Laotian Chicken Larb (Larb Gai)
By Lee Jackson ↣ Published on: October 23, 2022
Larb is an extraordinary salad, a national treasure of Laos and it’s not hard to see why. Ground chicken (gai) is seasoned to perfection with aromatics and spice – a fresh, zingy pop of flavour.
Larb gai is a supercharged, flavour-packed salad that’s always top of my list when eating out, but the delights of Laotian larb need not be confined to a restaurant – making your own at home is so easy, and with a few flavour tricks up your sleeve, you’ll soon be cooking it all the time.
What is Larb?
The national dish of Laos, larb (also spelled laap, larp, lahb or laab) is a simple, meat-based salad combined with fresh herbs and a salty, sour and spicy dressing.
There are many recipes for larb using a wide variety of meats including chicken (gai), pork, duck, fish and mushrooms – and some that feature unique styles that use raw or cooked meat and even bile as ingredients. It’s the most palatable to Western taste, and the variety we see in most Laos and Thai restaurants is poached ground meat combined with herbal, fragrant and spicy ingredients.
Larb is eaten across South East Asia in many forms, including Thailand where I once ate a Larb so spicy I thought it might end my life!
Why it works?
Larb, like many South East Asian dishes is an expertly balanced combination of flavour and texture. Tender ground meat (chicken for our recipe), floral and fragrant herbs and a sour, salty dressing. Finally, an intoxicating hit of chilli spice – as powerful as you like it. It’s zingy, bright, and incredibly addictive. It’s light enough for a lunchtime snack or part of a dinnertime spread.
Stuff you'll need
The key flavours and ingredients of our larb gai ensure an authentic experience. You can substitute some for more readily available ingredients and still have a great dish. There’s a full recipe below.
- Toasted rice - probably the most important ingredient in a larb is the toasted rice (khao khua). Glutinous rice is dry toasted in a pan until light brown, then roughly ground in a pestle & mortar or spice grinder into a coarse powder. This nuttiness is ESSENTIAL in any larb and brings an amazing flavour and texture to the dish. As a substitute to glutinous rice, use jasmine or long grain. You can also buy toasted rice online.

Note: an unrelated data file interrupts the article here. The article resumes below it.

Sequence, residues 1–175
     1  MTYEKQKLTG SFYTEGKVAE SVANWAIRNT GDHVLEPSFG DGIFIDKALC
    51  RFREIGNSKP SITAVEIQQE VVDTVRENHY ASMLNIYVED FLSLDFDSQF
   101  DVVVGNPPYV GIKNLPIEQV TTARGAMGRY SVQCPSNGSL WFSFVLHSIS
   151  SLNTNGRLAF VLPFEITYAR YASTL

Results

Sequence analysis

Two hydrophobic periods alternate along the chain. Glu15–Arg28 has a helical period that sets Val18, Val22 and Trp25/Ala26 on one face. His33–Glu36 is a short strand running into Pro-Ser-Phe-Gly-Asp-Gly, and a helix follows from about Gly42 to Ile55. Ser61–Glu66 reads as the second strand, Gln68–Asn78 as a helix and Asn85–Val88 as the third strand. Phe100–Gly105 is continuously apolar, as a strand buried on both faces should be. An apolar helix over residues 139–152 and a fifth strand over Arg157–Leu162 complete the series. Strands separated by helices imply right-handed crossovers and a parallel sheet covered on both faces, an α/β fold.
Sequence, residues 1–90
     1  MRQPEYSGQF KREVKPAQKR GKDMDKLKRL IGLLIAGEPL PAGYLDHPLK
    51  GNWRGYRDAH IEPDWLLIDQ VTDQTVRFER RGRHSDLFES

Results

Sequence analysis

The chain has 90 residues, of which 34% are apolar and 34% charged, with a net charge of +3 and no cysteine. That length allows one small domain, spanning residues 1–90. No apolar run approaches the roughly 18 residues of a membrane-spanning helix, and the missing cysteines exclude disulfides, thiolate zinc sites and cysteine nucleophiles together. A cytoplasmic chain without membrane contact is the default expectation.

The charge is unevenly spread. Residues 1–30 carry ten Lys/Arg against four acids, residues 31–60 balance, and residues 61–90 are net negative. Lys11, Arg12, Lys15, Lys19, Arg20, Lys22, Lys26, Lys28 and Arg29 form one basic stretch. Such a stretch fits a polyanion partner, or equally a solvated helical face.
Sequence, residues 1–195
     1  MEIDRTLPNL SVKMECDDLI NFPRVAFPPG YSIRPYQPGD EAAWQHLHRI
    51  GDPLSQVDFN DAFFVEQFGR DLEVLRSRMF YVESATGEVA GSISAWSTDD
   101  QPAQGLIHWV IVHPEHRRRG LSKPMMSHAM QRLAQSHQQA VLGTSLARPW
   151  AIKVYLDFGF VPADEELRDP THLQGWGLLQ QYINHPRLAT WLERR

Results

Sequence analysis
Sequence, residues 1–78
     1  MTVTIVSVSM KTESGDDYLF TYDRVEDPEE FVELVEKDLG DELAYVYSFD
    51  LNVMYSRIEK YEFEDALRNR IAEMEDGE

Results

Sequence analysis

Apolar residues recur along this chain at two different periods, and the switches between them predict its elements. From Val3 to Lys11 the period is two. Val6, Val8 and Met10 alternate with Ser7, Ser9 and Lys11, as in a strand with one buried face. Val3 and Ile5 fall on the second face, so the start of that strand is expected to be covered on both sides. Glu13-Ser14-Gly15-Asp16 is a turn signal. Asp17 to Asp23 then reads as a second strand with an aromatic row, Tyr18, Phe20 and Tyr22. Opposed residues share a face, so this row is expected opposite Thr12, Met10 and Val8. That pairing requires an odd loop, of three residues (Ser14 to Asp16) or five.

- Fish Sauce - Padaek is the Laos version of fermented fish sauce, the Thai version in Pla Ra. It’s a muddy brown sauce that is potent in smell with a salty, umami explosion of flavour. Regular Thai fish sauce, the kind most easily found in supermarkets, will also give great results.
- Vegetables - Shallots bring a little crunch to the salad, I add a couple of spring onions too.
- Herbs - Mint is the go-to for fragrance. Cilantro is also added and on occasion, holy basil (Thai basil).
- Chillies - Small, red Thai chillies are the most authentic. Depending on how hot they are (they can be ferocious) I’ll add anywhere between 2-5 - I keep the seeds in for extra heat. You can obviously add less and deseed to keep things civilised!
- Dressing - To balance out the heat, a sweet and sour dressing is created using lime juice and palm sugar (you can use regular sugar too).
- Nuts – Crunch roasted unsalted peanuts are chopped and stirred into the salad for texture and flavour (you could use cashew nuts too).
Step by Step
Making your own Chicken Larb at home is super easy. Here’s a simple breakdown of the key steps.
- Step 1 - Poach the ground chicken. An unusual first step is to gently cook the gound chicken in a little water. It takes a matter of minutes to cook, then we let it cool to room temperature
- Step 2 – Toast the rice. In a dry pan, toast the rice for a few minutes until golden brown. Then, using a spice grinder or pestle & mortar, grind into a rough powder, like breadcrumbs.
- Step 3 – Stir in the vegetables and dressing - Sprinkle over a little more of the toasted rice and you're good to go. Serve it warm or cold.
Pro Tips to make your life easier
Larb is already a simple dish to make, but there’s room to make your life easier. You can make the salad in advance, and it keeps well in the fridge for a few days in a well-sealed container. It’s not really the best contender for freezing, so larb is best served fresh.
Serving and storing suggestions
- Serve larb, warm or cold (room temperature).